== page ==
An epic account of one remarkable woman's quest for justice from the New York Times bestselling author of The Widow of the South and A Separate Country.
In the years following the Civil War, Mariah Reddick, former slave to Carrie McGavock--the "Widow of the South"--has quietly built a new life for herself as a midwife to the women of Franklin, Tennessee. But when her ambitious, politically minded grown son, Theopolis, is murdered, Mariah--no stranger to loss--finds her world once more breaking apart. How could this happen? Who wanted him dead?
Mariah's journey to uncover the truth leads her to unexpected people--including George Tole, a recent arrival to town, fleeing a difficult past of his own--and forces her to confront the truths of her own past. Brimming with the vivid prose and historical research that has won Robert Hicks recognition as a "master storyteller" (San Francisco Chronicle).
Hicks's (The Widow of the South) latest yarn opens two years after the end of the Civil War, focusing on freed slave Mariah Reddick, a trusted and sought-after midwife in Franklin, Tenn. Mariah now has a grown son, Theopolis, a cobbler with political aspirations. Mariah becomes acquainted with George Tole, a free black New Yorker whose reputation as a sharp-shooting assassin precedes him to Franklin. But George has been coerced by an evil Franklin magistrate, Elijah Dixon, to do his bidding, and when a political rally at which Theopolis tries to take the stage becomes violent, the young man is killed but it's not clear who killed him. The lives of Mariah and George converge as Mariah seeks retribution and George seeks redemption, each playing a major role in unmasking the latent nastiness among the deeply prejudiced Franklin citizenry. Hicks is a talented storyteller, and this story moves at a clip, but it feels deliberate and inorganic, his characters sometimes seemingly just vehicles moving the story forward. Mariah has lost her only son, yet she shows an unbelievable lack of emotion. The bad guys, while compelling, are amusing caricatures. Only George seems truly flesh and blood, and is the most memorable character.
wonderful read that leaves a lasting impression, even for those (who like me) have not read A Widow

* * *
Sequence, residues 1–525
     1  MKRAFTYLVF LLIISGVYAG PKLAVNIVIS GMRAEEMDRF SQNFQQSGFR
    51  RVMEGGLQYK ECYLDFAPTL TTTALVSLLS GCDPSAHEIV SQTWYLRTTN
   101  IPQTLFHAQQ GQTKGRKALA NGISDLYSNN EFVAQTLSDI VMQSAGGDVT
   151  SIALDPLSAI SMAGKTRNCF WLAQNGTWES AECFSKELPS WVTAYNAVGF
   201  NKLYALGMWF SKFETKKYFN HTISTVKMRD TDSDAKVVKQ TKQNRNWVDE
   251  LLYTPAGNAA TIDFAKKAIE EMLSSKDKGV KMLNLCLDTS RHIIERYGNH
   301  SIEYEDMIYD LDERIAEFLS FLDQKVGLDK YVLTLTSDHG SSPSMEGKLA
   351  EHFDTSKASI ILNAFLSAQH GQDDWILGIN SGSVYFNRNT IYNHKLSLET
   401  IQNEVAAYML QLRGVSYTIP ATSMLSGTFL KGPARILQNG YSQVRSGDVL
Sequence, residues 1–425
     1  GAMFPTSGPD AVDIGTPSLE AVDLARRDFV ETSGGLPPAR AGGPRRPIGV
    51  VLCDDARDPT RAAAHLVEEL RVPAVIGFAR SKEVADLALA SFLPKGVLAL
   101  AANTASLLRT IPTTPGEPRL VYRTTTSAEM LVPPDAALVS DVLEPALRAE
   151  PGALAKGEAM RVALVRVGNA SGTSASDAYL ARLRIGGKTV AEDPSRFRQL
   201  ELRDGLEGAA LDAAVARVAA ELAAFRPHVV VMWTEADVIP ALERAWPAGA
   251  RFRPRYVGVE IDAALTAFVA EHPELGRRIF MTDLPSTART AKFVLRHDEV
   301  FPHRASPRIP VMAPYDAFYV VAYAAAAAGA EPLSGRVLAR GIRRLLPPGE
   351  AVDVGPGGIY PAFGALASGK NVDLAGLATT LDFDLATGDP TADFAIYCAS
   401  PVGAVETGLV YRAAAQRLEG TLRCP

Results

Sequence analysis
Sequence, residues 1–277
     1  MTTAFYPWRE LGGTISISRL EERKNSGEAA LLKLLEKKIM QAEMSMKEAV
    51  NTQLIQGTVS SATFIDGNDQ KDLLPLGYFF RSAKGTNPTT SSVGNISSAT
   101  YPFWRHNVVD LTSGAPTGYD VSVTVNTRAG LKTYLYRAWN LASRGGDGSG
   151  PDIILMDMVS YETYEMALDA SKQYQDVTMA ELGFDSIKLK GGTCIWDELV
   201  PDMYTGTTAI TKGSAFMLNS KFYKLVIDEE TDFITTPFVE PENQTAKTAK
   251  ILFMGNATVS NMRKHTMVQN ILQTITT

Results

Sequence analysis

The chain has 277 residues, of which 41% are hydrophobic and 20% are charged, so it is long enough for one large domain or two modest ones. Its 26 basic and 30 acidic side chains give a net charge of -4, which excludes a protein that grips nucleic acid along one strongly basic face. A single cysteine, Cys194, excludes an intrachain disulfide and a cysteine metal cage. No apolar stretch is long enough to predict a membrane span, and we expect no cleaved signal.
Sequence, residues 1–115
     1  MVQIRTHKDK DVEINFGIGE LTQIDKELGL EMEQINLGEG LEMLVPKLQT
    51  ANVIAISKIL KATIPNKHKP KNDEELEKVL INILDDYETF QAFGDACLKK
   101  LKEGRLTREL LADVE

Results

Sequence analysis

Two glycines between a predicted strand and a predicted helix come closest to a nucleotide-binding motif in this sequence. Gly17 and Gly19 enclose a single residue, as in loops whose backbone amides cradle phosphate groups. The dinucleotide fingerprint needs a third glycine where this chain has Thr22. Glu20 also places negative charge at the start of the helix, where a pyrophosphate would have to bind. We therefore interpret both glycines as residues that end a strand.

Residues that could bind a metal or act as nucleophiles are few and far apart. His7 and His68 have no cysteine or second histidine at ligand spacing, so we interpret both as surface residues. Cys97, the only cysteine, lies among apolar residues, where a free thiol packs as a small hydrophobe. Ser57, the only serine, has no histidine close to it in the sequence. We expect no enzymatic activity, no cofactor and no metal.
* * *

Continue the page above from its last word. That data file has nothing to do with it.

Starting in 1912, the bequest from former slave Mariah Reddick is substantial enough to construct a chapel or a library. Representatives from this black university wish for the building to be named for her, an honor she refuses. It is not who she is that makes the gift possible, it is the journeys that she and others took to get there, and her wish that opportunities for more and different be afforded to others.
Slowly from here, we are told of her story as I unfolded during the years after the Civil War. Surrounded by the losers in that conflict, yet “free” Mariah provides a service to the women of Franklin Tennessee, she is a midwife. As the story unfolds, Hicks takes us through the tensions, prejudices and rumors running rife.
Ultimately, Mariah’s story touches on life, loss, love, hatred and fears, and shows in ways that are not unique to the human experience. Persevering and moving forward in her search for answers as she overcomes or simply moves on despite obstacles. Surprisingly resonant in today’s climate, the divisions, the outright hostilities and Mariah’s single-minded determination to resolve the mystery surrounding her son’s death are gripping and viscerally impacting.
Hicks has managed to open the door to situations of struggle, loss, societal upheaval and the fear-driven rumors that exacerbate situations, building the world in ways that create visual images and emotional reactions from readers. It’s not always pretty, or particularly comfortable to see the naked hatreds, the prejudices and slights that are blatant and more shocking for their normalcy. A wonderful read that leaves a lasting impression, even for those (who like me) have not read A Widow of the South.
I received an eArc copy of the title from the publisher via NetGalley for purpose of honest review. I was not compensated for this review: all conclusions are my own responsibility.